State v. Preece

Annotate this Case

270 So. 2d 850 (1972)

264 La. 156

STATE of Louisiana v. Dave PREECE.

No. 51867.

Supreme Court of Louisiana.

December 11, 1972.

Rehearing Denied January 15, 1973.

*851 Edward J. Villere, New Orleans, for defendant-appellant.

William J. Guste, Jr., Atty. Gen., Harry H. Howard, Asst. Atty. Gen., Jim Garrison, Dist. Atty., Louise Korns, Asst. Dist. Atty., for plaintiff-appellee.

BARHAM, Justice.

The defendant was convicted of murder and sentenced to death. He appeals from the conviction and sentence.

Bills of Exceptions Nos. 2, 3, 4, 5, 6, 12, and 14 were reserved during voir dire examination of prospective jurors. The court refused to honor the objection to challenges for cause of these jurors on the basis that they could not sit in a capital case under the holding in Witherspoon v. Illinois, 391 U.S. 510, 88 S. Ct. 1770, 20 L. Ed. 776 (1968). The United States Supreme Court in Furman v. Georgia, 408 U.S. 238, 92 S. Ct. 2726, 33 L. Ed. 2d 346 (1972), abolished the death penalty as now provided in states imposing capital punishment for certain offenses, and that court has remanded to us numerous cases involving the death penalty to be considered in light of that holding.[1] We have disposed of these remanded cases and one case on appeal[2] in line with our disposition of cases which required reversal of the death sentence under the ruling of Witherspoon but in which the convictions were allowed to stand. See State v. Shaffer, 260 La. 605, 257 So. 2d 121 (1971), and State v. Duplessis, 260 La. 644, 257 So. 2d 135 (1971). In all cases in which the death penalty had been imposed in violation of the ruling in Furman v. Georgia, supra, we have remanded to the trial court for resentencing to life imprisonment. Since Furman requires us to set aside the death sentence imposed upon appellant here, the Witherspoon issue in the case at hand is moot.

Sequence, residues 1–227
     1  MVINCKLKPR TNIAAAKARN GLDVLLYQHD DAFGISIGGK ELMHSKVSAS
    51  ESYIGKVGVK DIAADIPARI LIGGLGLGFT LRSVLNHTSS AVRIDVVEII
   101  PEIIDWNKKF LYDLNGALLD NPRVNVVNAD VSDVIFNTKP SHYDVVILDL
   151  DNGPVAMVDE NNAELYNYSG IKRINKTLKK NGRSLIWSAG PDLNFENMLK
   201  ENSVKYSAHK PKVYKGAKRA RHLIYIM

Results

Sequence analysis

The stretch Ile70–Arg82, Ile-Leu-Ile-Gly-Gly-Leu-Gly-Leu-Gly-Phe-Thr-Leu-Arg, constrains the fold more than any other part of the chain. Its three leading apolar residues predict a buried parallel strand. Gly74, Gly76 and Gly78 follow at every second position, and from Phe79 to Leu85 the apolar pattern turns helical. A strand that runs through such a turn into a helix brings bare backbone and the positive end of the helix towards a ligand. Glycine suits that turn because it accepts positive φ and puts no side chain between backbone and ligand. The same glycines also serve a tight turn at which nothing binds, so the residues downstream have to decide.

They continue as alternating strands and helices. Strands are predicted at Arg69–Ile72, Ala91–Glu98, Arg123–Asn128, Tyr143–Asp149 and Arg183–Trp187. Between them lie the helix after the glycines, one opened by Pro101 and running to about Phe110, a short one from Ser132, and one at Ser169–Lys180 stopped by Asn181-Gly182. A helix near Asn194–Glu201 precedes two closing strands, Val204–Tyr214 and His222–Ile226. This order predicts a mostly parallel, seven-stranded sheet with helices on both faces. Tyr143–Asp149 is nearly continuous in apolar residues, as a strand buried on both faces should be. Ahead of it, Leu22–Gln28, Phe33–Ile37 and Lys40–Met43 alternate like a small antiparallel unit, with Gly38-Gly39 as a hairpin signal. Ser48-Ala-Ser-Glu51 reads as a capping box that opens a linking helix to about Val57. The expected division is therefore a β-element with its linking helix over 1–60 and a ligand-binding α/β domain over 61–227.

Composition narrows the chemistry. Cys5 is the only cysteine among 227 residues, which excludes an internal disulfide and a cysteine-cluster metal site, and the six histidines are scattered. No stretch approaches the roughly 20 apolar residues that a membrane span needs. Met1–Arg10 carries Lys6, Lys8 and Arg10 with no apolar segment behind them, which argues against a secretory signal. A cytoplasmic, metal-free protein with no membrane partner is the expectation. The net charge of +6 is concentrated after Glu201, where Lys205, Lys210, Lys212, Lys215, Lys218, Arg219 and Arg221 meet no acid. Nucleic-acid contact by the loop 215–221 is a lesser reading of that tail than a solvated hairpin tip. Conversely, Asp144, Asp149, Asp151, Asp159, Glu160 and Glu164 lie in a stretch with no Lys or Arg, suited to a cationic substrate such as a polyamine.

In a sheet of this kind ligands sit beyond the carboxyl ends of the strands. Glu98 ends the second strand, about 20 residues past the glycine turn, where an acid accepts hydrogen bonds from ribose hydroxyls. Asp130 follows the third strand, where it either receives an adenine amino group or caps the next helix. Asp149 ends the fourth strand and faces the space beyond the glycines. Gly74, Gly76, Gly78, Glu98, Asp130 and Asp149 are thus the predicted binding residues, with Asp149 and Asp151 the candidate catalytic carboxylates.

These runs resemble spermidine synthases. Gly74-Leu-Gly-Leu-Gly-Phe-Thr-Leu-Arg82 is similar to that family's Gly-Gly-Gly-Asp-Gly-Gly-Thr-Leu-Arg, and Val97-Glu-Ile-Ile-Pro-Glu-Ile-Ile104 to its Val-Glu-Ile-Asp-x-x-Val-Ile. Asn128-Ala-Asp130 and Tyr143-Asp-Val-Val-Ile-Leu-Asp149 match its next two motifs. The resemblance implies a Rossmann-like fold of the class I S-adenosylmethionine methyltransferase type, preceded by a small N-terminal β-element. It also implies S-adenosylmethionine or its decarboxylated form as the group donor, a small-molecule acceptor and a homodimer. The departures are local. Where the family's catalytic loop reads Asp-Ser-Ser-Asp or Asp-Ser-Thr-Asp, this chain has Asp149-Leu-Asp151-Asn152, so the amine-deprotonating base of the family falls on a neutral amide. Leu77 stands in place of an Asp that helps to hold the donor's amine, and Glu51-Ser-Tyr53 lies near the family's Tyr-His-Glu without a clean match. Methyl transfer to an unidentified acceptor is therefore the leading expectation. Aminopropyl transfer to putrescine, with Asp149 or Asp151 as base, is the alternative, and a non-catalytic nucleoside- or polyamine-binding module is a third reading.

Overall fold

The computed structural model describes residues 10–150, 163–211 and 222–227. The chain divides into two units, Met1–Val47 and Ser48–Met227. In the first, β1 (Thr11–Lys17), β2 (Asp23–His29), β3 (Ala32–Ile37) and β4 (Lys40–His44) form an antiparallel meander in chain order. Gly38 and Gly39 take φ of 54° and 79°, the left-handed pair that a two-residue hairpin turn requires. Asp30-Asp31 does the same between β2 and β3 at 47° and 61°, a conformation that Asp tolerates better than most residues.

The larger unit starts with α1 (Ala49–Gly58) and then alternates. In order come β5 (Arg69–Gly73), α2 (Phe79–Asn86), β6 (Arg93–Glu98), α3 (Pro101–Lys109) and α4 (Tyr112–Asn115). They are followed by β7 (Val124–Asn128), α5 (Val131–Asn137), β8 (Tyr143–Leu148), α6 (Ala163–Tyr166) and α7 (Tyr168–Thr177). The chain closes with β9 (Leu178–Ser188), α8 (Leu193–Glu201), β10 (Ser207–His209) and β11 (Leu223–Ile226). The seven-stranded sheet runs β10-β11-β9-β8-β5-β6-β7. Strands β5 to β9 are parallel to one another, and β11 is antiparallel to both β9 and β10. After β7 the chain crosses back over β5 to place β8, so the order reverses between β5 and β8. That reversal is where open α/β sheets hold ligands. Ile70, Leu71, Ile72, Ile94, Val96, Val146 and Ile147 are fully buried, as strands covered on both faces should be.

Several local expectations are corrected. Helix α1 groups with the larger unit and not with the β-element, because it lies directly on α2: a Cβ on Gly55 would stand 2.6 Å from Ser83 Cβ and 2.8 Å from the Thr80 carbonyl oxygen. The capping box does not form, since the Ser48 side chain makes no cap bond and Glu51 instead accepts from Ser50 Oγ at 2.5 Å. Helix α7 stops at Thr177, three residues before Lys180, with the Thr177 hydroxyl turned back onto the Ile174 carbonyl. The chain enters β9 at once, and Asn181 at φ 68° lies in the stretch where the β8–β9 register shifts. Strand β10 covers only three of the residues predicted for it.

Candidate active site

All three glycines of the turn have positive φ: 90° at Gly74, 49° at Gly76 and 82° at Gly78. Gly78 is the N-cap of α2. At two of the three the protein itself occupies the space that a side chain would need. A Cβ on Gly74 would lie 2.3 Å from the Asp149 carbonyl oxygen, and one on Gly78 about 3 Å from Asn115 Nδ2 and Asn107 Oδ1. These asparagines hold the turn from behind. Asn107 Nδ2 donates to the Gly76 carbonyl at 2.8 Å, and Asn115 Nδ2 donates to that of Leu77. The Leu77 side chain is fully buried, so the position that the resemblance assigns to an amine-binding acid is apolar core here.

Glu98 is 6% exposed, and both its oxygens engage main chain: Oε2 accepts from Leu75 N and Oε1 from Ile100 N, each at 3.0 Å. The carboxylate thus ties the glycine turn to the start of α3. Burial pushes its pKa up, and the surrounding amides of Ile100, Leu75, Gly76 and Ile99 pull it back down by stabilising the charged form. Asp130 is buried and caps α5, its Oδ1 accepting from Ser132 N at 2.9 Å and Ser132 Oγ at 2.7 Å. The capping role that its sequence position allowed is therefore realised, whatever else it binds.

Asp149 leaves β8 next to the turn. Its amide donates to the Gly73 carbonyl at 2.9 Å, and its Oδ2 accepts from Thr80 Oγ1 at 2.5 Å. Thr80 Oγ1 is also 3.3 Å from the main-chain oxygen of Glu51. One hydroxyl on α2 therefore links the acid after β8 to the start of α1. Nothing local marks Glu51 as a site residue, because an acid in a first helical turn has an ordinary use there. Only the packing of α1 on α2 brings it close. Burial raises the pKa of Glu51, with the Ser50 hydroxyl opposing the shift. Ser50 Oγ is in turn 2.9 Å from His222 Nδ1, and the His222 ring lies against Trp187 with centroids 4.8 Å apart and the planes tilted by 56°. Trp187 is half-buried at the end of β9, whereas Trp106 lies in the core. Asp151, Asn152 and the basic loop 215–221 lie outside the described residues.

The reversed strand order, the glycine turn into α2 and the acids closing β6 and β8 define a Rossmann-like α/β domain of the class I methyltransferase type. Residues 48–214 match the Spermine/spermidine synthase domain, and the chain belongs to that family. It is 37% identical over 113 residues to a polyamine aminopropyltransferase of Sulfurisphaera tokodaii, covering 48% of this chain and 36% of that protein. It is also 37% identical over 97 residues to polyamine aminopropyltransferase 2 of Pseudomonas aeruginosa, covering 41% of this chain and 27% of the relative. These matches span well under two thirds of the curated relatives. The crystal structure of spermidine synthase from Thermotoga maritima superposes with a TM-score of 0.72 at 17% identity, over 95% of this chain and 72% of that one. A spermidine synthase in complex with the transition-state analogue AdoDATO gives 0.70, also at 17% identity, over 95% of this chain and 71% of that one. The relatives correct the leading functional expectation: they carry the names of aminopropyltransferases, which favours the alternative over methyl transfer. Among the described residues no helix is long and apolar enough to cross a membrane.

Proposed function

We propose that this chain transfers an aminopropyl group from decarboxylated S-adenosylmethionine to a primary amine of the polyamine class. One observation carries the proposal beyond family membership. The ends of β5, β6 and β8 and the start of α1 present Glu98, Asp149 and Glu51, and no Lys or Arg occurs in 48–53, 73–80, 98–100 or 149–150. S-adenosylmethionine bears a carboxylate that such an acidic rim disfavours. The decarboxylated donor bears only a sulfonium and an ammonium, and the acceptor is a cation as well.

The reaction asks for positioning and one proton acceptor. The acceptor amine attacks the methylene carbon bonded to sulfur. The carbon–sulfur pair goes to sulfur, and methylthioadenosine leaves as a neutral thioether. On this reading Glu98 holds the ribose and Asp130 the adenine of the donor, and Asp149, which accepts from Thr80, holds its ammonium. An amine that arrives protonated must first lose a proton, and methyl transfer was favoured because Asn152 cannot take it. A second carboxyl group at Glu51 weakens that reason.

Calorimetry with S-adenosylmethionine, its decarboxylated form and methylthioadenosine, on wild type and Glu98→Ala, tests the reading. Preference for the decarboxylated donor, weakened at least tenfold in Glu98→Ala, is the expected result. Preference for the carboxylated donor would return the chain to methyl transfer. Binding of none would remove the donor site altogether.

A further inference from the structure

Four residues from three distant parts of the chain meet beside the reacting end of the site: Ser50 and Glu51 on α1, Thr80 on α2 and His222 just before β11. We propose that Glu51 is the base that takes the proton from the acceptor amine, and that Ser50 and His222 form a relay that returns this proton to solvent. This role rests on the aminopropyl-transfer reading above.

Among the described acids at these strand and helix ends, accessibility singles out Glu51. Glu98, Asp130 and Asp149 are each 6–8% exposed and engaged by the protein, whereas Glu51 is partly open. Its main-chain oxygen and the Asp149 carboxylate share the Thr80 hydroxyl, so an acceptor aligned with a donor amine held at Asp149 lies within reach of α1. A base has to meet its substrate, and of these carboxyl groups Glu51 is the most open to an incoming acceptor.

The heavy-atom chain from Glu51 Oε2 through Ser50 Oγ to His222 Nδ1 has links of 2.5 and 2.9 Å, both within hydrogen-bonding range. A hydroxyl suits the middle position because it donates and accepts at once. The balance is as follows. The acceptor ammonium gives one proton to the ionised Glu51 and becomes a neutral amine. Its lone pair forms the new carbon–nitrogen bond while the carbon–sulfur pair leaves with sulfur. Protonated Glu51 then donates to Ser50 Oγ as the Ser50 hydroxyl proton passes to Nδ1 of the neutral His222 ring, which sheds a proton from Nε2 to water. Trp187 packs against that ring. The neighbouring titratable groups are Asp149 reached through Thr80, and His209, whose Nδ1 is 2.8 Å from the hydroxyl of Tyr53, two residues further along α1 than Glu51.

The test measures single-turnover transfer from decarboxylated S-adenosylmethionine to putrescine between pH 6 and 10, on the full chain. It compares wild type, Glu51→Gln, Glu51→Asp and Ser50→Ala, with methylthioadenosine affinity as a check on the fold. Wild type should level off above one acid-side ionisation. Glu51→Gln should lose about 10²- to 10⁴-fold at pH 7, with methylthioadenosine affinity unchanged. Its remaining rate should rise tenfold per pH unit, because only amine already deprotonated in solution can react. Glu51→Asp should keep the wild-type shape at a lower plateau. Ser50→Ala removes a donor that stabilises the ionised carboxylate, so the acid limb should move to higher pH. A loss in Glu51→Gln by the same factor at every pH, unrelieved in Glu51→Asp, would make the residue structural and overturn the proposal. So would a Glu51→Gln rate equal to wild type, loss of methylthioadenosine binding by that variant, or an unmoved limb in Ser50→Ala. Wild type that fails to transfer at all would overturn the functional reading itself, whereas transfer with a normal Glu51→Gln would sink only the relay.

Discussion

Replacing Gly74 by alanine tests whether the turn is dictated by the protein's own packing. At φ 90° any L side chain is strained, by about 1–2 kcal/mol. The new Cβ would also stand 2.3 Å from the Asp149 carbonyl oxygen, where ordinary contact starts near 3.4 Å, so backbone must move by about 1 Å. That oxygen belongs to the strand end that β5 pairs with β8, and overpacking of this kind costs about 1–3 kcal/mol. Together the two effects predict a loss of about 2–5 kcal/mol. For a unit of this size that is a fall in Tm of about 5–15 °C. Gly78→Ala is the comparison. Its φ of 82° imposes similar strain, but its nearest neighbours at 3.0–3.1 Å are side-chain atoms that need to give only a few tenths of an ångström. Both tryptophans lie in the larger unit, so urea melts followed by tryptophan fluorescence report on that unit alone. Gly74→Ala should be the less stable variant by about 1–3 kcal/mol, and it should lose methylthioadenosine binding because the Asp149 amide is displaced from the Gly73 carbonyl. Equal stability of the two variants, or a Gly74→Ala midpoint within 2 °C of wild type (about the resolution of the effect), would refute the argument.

Bill of Exceptions No. 16 was reserved because one of the members of the jury venire was absent when called for voir dire examination and defense counsel was denied a delay in order to locate him. The trial court filled the jury box with other veniremen, and the jury was selected and sworn. Bill of Exceptions No. 18 was reserved to proceeding to trial without production and voir dire examination of the absent venireman. In State v. Boutte, 255 La. 605, 232 So. 2d 288 (1970), a juror chosen but not sworn failed to return, and on the following day the incomplete panel was completed in his absence from other veniremen. We held that an accused has no right to a trial by any particular juror or jurors but only the right to trial by a competent and impartial jury. There is no complaint here that the venire offered to the defendant did not afford him a fair and impartial jury, and no prejudice has been shown from the rulings.

Bills of Exceptions Nos. 20 and 21 appear to be frivolous. When an officer was asked whether there was anything in a wallet which was offered to him for examination that was different from the wallet which he saw at the scene of the offense, the defense objected on the ground that the officer had already stated he could not identify anything in the wallet. The court's reply was: "I disagree with you, Mr. Byrne. I overrule the objection." Bill of Exception No. 20 was reserved. From this colloquy, which is made a part of the bill, it is obvious that the court found the officer competent to testify upon the matter before him, and there is nothing attached to the bill to show that this ruling was in error.